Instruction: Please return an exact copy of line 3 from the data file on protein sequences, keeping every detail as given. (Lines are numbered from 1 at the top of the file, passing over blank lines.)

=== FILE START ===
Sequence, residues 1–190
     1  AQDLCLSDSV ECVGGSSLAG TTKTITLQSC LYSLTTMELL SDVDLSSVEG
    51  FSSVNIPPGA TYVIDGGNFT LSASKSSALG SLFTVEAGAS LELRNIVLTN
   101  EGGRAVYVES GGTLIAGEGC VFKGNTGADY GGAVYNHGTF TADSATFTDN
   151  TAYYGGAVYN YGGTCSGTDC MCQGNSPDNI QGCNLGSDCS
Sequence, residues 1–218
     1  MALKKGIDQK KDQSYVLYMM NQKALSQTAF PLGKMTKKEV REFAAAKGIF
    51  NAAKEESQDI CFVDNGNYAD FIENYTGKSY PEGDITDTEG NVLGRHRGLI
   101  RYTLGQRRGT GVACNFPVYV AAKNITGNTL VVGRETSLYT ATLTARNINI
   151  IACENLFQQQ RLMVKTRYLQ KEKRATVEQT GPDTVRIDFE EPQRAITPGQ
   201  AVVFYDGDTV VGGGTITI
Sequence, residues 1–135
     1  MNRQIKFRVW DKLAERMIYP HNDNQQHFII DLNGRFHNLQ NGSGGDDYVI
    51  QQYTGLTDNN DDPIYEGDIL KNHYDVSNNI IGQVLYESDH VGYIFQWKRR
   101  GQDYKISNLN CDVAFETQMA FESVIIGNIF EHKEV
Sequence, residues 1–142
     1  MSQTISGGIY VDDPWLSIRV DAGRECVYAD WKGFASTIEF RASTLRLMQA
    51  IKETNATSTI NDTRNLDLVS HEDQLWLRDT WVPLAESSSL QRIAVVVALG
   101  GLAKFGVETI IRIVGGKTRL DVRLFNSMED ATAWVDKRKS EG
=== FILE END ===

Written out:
    51  FSSVNIPPGA TYVIDGGNFT LSASKSSALG SLFTVEAGAS LELRNIVLTN